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Feeling reserved?

by Richard Cranna
(Cape Town, South Africa)

Fuel tank sketch

Fuel tank sketch

You’ve bought yourself your first thumper and one of the last things the old owner mentions to you is not to forget to turn the petrol tap to the “On” position before riding. You get home, hope on, kick her up and off you go ... but after not even a minute the bike comes to a slow, jerky halt. You kick again and again but no response from the engine. Aah, then you remember and check the petrol tap ... “Off” ... eish, it’s flicked on and after a few kicks you let out a sigh of relief as she roars back into life. And so we all came to learn about the ‘petrol tap’ ... or did we?

Ever since I can remember I was very careful not to ride my little 1981 Honda MB50 on reserve for too long, thinking for some reason that this would damage the engine. I couldn’t have been more disillusioned. The petrol tap on your bike is probably one of the most straight-forward little contraptions you’ll find in everyday life. Before I spill the secret take a look below at the illustration of the petrol tank and tap which you’ll find on most thumpers:

Points 1, 2 and 3 are the different fuel levels you’ll have in your tank at different stages of riding. Also illustrated are two nozzles through which the petrol is sucked into the carburator, namely the ‘Main Petcock’ and the ‘Reserve Petcock'.

Level 1 would be the level at which your tank would be predominantly full, while you’re enjoying some flat-out riding. Half tank would be illustrated by number 2’s section, whilst Section 3 illustrating the last litre of fuel left in your tank, otherwise known as ‘Reserve’.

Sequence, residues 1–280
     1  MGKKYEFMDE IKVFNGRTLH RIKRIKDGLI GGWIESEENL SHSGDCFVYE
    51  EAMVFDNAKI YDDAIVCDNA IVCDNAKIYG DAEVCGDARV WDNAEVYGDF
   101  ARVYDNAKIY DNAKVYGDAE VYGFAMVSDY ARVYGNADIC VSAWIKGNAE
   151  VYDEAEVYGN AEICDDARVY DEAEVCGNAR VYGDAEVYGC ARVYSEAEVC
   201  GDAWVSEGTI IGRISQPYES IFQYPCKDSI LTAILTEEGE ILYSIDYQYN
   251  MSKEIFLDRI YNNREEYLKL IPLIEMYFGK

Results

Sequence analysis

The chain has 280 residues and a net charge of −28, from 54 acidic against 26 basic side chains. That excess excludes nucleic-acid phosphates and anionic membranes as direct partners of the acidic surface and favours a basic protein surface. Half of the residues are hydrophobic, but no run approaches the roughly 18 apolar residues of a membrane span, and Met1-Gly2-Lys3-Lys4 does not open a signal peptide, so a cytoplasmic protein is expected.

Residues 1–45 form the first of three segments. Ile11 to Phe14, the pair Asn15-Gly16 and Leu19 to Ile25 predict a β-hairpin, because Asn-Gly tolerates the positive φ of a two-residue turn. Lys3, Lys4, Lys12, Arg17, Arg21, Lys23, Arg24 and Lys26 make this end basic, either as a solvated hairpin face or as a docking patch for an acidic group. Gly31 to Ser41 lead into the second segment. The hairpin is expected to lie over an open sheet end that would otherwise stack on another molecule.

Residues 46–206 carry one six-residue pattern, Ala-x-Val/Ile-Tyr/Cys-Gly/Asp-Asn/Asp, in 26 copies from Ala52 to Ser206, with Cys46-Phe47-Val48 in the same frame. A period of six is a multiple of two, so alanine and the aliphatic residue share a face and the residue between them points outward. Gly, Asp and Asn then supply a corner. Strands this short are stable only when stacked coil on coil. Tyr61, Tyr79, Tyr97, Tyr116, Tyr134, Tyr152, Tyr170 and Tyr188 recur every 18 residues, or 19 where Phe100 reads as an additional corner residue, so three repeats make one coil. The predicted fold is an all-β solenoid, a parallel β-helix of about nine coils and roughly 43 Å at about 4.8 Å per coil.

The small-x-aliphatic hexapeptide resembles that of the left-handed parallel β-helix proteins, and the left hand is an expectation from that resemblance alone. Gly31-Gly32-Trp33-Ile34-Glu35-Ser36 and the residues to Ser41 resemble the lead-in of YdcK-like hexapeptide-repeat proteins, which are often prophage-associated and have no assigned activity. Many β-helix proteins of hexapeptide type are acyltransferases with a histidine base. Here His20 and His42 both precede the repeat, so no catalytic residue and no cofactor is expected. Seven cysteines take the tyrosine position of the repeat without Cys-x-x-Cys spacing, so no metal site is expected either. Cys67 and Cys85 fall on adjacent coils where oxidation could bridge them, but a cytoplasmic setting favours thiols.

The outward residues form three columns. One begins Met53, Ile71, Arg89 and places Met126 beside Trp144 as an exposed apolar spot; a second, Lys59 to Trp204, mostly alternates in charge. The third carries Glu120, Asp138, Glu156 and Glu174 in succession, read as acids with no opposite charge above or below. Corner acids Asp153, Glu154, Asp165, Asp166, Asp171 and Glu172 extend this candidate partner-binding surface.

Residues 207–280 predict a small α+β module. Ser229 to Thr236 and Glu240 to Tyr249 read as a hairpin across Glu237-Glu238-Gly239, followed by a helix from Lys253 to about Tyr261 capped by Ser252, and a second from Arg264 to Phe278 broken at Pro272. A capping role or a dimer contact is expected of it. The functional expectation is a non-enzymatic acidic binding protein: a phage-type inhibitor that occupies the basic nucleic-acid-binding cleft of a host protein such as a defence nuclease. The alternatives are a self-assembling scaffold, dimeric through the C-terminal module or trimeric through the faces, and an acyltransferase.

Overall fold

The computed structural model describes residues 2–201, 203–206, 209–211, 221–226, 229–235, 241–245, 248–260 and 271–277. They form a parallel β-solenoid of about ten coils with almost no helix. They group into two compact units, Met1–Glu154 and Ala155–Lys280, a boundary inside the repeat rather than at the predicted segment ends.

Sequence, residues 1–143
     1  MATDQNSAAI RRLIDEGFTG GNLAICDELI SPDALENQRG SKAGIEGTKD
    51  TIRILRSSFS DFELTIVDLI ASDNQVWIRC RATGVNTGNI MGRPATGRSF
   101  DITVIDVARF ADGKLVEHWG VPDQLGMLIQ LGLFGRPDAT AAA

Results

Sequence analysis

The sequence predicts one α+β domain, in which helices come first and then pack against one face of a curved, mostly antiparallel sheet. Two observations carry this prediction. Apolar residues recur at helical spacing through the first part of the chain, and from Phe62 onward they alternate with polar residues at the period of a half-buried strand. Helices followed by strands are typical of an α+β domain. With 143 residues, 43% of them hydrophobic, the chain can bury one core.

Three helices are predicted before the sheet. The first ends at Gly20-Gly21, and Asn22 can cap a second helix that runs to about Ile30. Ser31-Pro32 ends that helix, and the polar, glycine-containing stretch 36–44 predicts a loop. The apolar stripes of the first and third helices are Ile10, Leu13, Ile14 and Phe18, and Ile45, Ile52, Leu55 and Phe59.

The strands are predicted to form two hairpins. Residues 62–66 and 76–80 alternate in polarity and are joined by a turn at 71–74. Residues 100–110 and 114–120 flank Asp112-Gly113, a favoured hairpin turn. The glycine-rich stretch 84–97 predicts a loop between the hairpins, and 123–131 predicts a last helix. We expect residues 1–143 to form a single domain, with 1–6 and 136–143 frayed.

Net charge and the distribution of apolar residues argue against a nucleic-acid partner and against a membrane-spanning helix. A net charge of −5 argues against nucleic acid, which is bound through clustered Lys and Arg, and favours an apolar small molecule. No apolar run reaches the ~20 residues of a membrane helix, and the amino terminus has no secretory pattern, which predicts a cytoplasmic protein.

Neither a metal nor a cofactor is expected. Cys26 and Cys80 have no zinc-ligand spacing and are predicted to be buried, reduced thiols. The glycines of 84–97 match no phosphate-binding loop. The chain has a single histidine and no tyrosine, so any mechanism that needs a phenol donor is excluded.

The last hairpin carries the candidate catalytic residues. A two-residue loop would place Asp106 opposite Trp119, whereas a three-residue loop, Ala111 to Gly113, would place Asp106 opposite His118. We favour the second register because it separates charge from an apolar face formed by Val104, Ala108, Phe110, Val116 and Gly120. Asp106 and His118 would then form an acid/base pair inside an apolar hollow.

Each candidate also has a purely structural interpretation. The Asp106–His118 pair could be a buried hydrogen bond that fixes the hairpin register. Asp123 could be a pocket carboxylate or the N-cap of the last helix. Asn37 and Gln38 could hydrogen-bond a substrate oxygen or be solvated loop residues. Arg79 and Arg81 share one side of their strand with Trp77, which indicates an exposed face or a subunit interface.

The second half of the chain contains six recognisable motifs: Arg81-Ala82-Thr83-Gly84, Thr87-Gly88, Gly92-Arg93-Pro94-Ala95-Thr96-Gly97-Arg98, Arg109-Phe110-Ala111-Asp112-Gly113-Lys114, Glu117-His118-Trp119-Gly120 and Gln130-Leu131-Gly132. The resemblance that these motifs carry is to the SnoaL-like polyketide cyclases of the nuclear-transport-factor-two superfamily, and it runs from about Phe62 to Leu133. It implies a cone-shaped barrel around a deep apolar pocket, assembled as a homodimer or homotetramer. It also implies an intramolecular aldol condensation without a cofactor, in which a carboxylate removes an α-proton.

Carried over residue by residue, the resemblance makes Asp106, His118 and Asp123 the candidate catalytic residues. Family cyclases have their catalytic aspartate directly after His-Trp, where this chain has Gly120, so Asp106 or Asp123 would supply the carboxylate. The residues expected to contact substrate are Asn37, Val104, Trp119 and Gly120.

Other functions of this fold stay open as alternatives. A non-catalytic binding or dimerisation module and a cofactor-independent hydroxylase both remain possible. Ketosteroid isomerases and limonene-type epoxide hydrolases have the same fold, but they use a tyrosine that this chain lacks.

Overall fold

What happens when your bike comes to a slow halt after a few hours riding in the ‘On’ position? Basically, with your fuel tap on the ‘On’ position the fuel is being sucked through the taller of the two petcocks, thereby sucking clean fuel from the top of the tank. When your bike begins burbling with a jerk now and then, you know your fuel level is somewhere around level 3, or in other words you’re running out of fuel. This is when you turn your petrol tap from the ‘On’ position to the ‘Reserve’ position, thereby changing the flow of fuel from being sucked through the Main (taller) Petcock to the Reserve (shorter) Petcock. What this does is gives you access to that last litre of fuel, but (and here’s the magic of this little invention) also warns you that you only have a few more kilometres of riding left and therefore need to find a fuelling point sooner than later. Yes, the reason for the petrol tap is as straight forward as that!

It’s a simple invention which has been created to warn you of your imminent shortage of fuel within the next few minutes. There’s no baffling technicalities about putting your petrol tap onto reserve, besides the plain obvious ... find a petrol station, and fast. No damage will come to your engine when putting your bike on reserve. The only foreseen problems you may face are getting dirty fuel clogging your Reserve Petcock, and possibly even running into your carb, and heaven forbid, your engine. Saying that, my Main Petcock is currently clogged, hence I’m riding on Reserve at the moment without any hassles. This is how I came to find out about this little truth, and I hope that this article has helped reveal the hidden truth to many of you.

The moral of the story; feeling reserved doesn’t mean you can’t have fun ...

by Richard Cranna

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